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About SDI

Secure Diagnostic Imaging (SDI) is a medical services solution company developed by doctors for doctors.  SDI is the culmination of 6 years of research and development in the field of tele-ophthalmology.   Unlike other telemedicine companies, SDI sole objective is to assist doctors in delivering eye care to their patients. 

In Canada , as well as other locations around the globe, there is a shortage of specialists to serve the health needs of the population.  SDI stands apart from other tele-ophthalmology projects, where screening is the primary objective.  Instead, SDI enables physicians to provide standard of care evaluation and diagnosis via tele-ophthalmology. It does this by utilizing high resolution, stereoscopic digital imaging coupled with testing of visual acuity and intraocular pressures.  The use of a comprehensive eye examination by teleophthalmology, when compared to a screening examination is beneficial in three ways: 

First, unnecessary referrals are reduced or eliminated.  As an example, diabetics with diabetic retinopathy need only be referred once they develop proliferative diabetic retinopathy with high-risk characteristics, or clinically significant macular edema.  Until the development of treatable disease the patient can be followed at a distance without the need to travel to the consultant's office.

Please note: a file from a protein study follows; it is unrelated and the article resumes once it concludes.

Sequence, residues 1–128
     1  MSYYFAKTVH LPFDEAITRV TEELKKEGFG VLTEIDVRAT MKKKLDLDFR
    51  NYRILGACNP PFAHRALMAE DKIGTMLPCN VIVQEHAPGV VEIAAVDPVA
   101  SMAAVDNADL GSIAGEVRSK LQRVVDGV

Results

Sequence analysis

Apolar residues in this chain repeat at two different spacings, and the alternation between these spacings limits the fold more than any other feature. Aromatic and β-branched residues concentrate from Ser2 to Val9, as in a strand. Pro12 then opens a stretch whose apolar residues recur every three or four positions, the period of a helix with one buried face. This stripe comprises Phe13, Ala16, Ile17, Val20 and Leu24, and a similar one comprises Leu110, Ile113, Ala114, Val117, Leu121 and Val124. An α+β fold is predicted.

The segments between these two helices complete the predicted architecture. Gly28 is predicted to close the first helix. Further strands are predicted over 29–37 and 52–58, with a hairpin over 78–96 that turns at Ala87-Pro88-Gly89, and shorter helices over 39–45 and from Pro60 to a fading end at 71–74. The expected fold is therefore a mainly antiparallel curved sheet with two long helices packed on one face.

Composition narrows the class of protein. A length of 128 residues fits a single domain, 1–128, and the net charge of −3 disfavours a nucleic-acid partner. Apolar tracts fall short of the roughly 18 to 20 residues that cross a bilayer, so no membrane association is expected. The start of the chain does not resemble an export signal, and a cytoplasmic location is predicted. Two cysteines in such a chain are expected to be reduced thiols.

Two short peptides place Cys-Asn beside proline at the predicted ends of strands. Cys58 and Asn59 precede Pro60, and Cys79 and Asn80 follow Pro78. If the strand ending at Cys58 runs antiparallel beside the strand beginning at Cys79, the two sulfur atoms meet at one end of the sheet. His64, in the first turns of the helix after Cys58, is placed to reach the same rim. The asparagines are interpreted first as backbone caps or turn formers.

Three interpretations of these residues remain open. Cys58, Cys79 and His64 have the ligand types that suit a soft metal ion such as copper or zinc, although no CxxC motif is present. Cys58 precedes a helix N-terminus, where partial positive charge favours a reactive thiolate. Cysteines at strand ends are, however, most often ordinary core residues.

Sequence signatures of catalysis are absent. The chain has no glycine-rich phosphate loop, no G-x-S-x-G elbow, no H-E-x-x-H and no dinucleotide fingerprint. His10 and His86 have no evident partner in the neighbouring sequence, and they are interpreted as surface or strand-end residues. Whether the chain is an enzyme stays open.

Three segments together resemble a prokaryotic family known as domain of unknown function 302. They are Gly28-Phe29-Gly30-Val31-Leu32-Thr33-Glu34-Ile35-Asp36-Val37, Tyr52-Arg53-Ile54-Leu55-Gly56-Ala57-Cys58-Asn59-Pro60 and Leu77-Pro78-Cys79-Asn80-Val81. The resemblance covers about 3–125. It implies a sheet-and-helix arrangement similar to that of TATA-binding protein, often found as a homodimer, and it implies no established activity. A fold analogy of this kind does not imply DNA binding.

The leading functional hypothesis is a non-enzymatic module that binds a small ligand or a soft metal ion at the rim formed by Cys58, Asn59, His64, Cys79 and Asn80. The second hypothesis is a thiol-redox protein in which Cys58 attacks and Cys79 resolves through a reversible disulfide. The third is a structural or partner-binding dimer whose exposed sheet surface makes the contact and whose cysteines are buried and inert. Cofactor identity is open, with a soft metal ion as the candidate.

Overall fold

Second, following treatment, referred patients can continue to be followed post-treatment at a distance without the need for further travel.  For example, having undergone focal laser treatment for clinically significant macular edema, a patient is then followed by teleophthalmology at three months post treatment.  Only if the patient needs laser a second time, do they need travel to the consultant's office once again.

Third, a comprehensive examination by teleophthalmology enables the consultant to plan for necessary testing and treatment at the time of a patient's first visit.  As an example, if a patient is assessed by teleophthalmology and found to have elevated intraocular pressure and enlarged cup to disc ratio, a visual field can be ordered for the day of the patient's referral to the glaucoma specialist.  The teleophthalmology visit becomes the first contact visit with the patient, while the second “office” visit enables the glaucoma specialist to review the findings of the visual field, and commence treatment after discussions with the patient. 

This improvement in efficiency decreases time to treatment as well as costs to the health care system.  It also decreases the number of patients traveling to a consultant's office, while increasing the percentage of patients needing treatment versus no treatment who travel to the consultant's office.